Chekhov Shorts: On the Road

Title: On The Road
Date Read: 12th February 2012
Briefly: Held overnight in an inn due to a raging snowstorm, Mademoiselle Ilovaisky meets Grigory Petrovitch Liharev, a man who is being crushed by a need to find fulfilment by applying blind belief and complete faith to numerous things.
Afterthoughts: This is rather a deep and philosophical tale from Chekhov, centred around unquenchable passion and how it can haunt and even destroy, as well as drive and motivate, those who possess it. Not a story for everyone but perfect for those who seek a spot of reflective musing. Rather apt then, that this story carries the same title as Jack Kerouac’s 50s novel 🙂
Notable Quote: “The way I look at it is that faith is a faculty of the spirit. It is just the same as a talent, one must be born with it. So far as I can judge by myself, by the people I have seen in my time, and by all that is done around us, this faculty is present in Russians in its highest degree. Russian life presents us with an uninterrupted succession of convictions and aspirations, and if you care to know, it has not yet the faintest notion of lack of faith or scepticism. If a Russian does not believe in God, it means he believes in something else.”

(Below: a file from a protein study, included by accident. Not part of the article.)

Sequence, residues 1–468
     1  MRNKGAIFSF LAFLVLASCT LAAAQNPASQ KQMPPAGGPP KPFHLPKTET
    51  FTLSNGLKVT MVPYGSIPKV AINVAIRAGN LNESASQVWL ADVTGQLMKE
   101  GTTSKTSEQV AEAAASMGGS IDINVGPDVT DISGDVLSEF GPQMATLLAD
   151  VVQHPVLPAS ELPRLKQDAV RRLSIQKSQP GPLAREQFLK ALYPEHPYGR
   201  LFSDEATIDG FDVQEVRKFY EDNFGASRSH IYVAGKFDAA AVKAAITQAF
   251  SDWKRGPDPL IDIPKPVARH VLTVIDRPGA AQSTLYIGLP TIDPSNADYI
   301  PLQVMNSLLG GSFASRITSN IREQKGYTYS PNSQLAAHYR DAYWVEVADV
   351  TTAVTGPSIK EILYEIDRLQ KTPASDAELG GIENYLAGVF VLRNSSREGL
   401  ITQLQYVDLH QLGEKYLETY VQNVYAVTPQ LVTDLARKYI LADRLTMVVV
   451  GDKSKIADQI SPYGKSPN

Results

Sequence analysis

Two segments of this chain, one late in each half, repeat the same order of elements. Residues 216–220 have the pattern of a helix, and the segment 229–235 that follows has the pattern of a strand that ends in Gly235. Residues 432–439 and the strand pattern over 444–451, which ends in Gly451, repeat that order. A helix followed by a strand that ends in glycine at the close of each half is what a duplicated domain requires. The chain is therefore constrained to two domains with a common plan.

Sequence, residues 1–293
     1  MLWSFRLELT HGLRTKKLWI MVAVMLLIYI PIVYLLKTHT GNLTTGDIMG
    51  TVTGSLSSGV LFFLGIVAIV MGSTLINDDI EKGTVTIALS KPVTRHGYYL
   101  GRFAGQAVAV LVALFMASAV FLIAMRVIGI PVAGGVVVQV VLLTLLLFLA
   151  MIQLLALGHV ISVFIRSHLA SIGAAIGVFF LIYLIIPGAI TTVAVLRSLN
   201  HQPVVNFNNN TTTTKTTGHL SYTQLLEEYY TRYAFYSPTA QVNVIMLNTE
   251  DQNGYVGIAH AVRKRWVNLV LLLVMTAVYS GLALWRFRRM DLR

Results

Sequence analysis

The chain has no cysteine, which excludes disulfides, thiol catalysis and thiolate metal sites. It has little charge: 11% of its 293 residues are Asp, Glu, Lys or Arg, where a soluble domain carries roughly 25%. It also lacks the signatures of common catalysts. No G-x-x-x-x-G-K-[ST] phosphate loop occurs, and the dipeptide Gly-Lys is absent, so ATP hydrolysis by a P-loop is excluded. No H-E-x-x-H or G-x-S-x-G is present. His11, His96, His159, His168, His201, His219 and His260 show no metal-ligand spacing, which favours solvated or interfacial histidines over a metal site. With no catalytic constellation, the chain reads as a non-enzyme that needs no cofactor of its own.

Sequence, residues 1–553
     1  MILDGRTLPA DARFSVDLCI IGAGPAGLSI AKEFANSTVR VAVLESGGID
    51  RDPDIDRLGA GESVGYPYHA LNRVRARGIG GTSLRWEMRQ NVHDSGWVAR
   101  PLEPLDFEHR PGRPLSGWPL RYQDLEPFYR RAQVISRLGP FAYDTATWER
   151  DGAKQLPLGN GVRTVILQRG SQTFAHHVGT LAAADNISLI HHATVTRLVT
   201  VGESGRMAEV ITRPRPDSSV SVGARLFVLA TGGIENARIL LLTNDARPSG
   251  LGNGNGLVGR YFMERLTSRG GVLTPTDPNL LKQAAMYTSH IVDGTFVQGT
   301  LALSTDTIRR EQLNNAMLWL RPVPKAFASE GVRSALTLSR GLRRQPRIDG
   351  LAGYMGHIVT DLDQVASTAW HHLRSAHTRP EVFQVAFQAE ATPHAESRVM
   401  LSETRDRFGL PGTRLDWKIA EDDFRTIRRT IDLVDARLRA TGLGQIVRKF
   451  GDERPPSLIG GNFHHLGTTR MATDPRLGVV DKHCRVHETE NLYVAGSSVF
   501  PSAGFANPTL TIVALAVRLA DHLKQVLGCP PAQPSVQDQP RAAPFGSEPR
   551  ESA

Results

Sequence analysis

Rating: ★★★☆☆

*Story read as part of my Checkin’ Off The Chekhov Shorts reading challenge.

About Rob

Rob, a self-confessed bibliophile, is without any hope of rehabilitation. He gets unnaturally excited over anything book-shaped, and if book sniffing were a crime then he would have been locked up years ago (which wouldn't bother him in the slightest provided his cell was lined with books).